The second part of the evening consisted of the usual games, the Chef of the Year competition and hot pot supper. Graham Heald was the star of the evening in that he won all bar one of the games, thereby becoming the 2016 Victor Ludorum ( see photo). In a lovely gesture he forwent the individual prizes enabling the runners up in each game to collect the bottles of wine.
Bill Baxendale ( see photo ) was crowned the 2016 Chef of the Year for his “flapjack” collection which Audrey Clark adjudged to be the best. Our thanks go to Audrey for giving up her time to act as independent judge.
It was October 13th., 1914, at around 8.45pm., when people from Stoke – on – Trent to Appley Bridge just outside Wigan, became startled by a ball of bright light travelling through the sky, very similar to the fiery trail recently seen over Chelyabinsk in Russia. Whatever the people thought it was it landed at Appley Bridge… and so began the events which have led to Russell Parry, our evening’s guest, researching and collecting materials which have led to him being able to tell the story of the Appley Bridge Meteorite. And what a fascinating story it is. The 13 of us who had gathered for our meeting were kept enthralled, not only by the content of the story but the manner in which the illustrated story was presented.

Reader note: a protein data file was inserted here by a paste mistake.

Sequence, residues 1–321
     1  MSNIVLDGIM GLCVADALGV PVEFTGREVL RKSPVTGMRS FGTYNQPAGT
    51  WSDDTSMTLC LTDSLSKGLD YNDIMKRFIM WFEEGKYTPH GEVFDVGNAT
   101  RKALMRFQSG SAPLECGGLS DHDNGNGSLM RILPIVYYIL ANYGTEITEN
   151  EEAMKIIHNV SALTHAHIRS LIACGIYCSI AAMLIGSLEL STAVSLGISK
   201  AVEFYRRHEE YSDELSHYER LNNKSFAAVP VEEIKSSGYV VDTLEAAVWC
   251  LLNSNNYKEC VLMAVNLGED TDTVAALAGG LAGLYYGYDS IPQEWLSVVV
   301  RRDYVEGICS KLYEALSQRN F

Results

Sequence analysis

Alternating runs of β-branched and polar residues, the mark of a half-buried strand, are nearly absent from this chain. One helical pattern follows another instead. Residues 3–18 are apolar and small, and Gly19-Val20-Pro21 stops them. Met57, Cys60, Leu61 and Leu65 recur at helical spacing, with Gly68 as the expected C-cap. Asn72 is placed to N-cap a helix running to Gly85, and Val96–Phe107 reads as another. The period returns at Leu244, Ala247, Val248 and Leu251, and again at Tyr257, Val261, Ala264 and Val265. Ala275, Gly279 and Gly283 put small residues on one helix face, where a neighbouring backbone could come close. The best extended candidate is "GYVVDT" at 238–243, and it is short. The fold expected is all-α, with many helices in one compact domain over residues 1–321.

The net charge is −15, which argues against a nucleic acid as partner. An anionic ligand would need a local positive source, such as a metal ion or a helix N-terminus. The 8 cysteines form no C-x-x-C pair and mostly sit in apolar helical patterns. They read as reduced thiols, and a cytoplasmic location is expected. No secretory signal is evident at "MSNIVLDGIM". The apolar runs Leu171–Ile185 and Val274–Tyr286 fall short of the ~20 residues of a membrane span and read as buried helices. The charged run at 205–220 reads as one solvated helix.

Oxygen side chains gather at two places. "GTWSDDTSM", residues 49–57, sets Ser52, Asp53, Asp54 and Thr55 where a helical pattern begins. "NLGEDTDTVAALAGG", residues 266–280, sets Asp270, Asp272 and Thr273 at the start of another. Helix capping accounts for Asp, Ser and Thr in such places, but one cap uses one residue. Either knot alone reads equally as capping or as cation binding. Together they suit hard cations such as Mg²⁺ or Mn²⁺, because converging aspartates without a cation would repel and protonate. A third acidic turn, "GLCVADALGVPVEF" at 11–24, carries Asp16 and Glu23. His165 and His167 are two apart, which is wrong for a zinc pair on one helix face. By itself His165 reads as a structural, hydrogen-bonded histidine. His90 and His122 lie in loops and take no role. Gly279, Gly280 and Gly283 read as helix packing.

Russell was originally from Shropshire, moving up to Appley Bridge some 20 years ago. Being interested in all things related to “community”, it was not long before he became absorbed with the story of the meteorite and began to carry out research into its history, a journey which has taken him to many parts of the globe and being recognised as an expert in this field.